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Mount Airy, North Carolina
JUNE 2006
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Mount Airy, North Carolina @ National Geographic Magazine
By Cathy Newman
Photographs by Penny de los Santos
Chang and Eng gave the world "Siamese twins"—and brought a small town an enduring legacy.

You never know what's sitting in the family tree. Take the Bunkers of Mount Airy, North Carolina. The clan, which has more branches than a loblolly pine, is descended from twin brothers, Chang and Eng, who settled near Mount Airy in 1839. The brothers married sisters from a local family and had 21 children. So far, unexceptional. But Chang and Eng, the original Siamese twins, connected at the chest by a six-inch-long tube of flesh, were totally exceptional. Born in Siam (today's Thailand), they gave their name to the anomaly known as conjoined twins.

Their descendants—some 1,500—have scattered across the country, but many still live in Mount Airy, a town of 8,000 north of Winston-Salem, where the slow roll of the Piedmont plateau lifts to the Blue Ridge Mountains. In Mount Airy, a common form of address is "Honey," the soft drink of choice is Cheerwine, spiritual tastes run to Baptist and fundamentalist, and the day starts with radio obituaries on WPAQ ("Brought to you by Moody's Funeral Home").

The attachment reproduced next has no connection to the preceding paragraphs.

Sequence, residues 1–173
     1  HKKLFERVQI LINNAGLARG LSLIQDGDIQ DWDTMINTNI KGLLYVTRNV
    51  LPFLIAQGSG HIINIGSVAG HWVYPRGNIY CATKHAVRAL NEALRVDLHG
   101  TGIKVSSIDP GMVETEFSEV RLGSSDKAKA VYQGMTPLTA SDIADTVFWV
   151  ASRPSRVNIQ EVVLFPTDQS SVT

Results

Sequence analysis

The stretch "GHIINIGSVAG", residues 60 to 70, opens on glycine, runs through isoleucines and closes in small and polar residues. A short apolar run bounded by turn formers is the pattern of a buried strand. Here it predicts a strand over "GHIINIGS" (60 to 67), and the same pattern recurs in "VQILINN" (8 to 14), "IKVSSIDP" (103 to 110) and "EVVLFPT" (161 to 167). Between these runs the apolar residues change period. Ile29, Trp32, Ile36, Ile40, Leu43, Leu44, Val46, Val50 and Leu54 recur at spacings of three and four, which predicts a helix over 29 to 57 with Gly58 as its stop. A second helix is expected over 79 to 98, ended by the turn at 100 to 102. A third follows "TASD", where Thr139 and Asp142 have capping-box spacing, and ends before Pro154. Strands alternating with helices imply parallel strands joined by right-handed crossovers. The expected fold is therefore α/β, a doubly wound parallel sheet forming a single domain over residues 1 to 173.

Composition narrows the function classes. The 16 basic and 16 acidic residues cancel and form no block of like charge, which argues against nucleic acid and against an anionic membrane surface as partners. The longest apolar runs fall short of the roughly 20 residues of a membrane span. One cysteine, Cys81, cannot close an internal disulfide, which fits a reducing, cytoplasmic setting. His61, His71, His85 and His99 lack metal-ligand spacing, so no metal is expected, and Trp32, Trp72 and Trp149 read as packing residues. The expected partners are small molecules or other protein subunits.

Here, events have encouraged enterprise. Because textiles have lost their status as economic mainstays, Mount Airy has latched on to new opportunities, such as growing grapes for wine and—because it's the birthplace of TV star Andy Griffith—promoting its Mayberry connection.

Chang and Eng, who could move gracefully in tandem, do gymnastic feats, and play chess, understood enterprise. As the "Double Boys" they packed theaters and made a fortune—mostly for their promoters. At 21 they broke loose to manage their own careers. When a doctor who attended their show in New York invited them to visit the Mount Airy region, they took up the offer, bought land, and settled in as farmers.

The twins loved fine cigars, literature, and smart clothes. Eng, the calm one, liked late-night poker. Chang drank and had a temper. Today, when someone like Sherry Blackmon says, "That's just the way the Bunkers are," she's referring to that temper. "Of course, I can talk about the Bunkers because I married one," says Blackmon, whose husband, Zack, is a great-great-grandson of Eng. Bunkers can turn reticent, too. "They might talk to you. Then again, they might not." They are noted for honesty, for being loving parents, and, sometimes, for holding grudges. "They don't argue; they just might not talk to you for 20 years," another relative explains. The twins, you see, produced a perfectly normal family.

Chang and Eng Bunker, extraordinary by being on the wrong side of genetic odds, longed for the ordinary. When they met the Yates sisters, who lived down the road, Chang decided it was time to marry. "We are not responsible for our physical condition, and we should not have to die childless on that account," he told his brother. Chang successfully courted Adelaide; Eng followed suit with sister Sarah. "May the connection be as happy as it will be close," observed the Carolina Watchman on the occasion of the double-double wedding.

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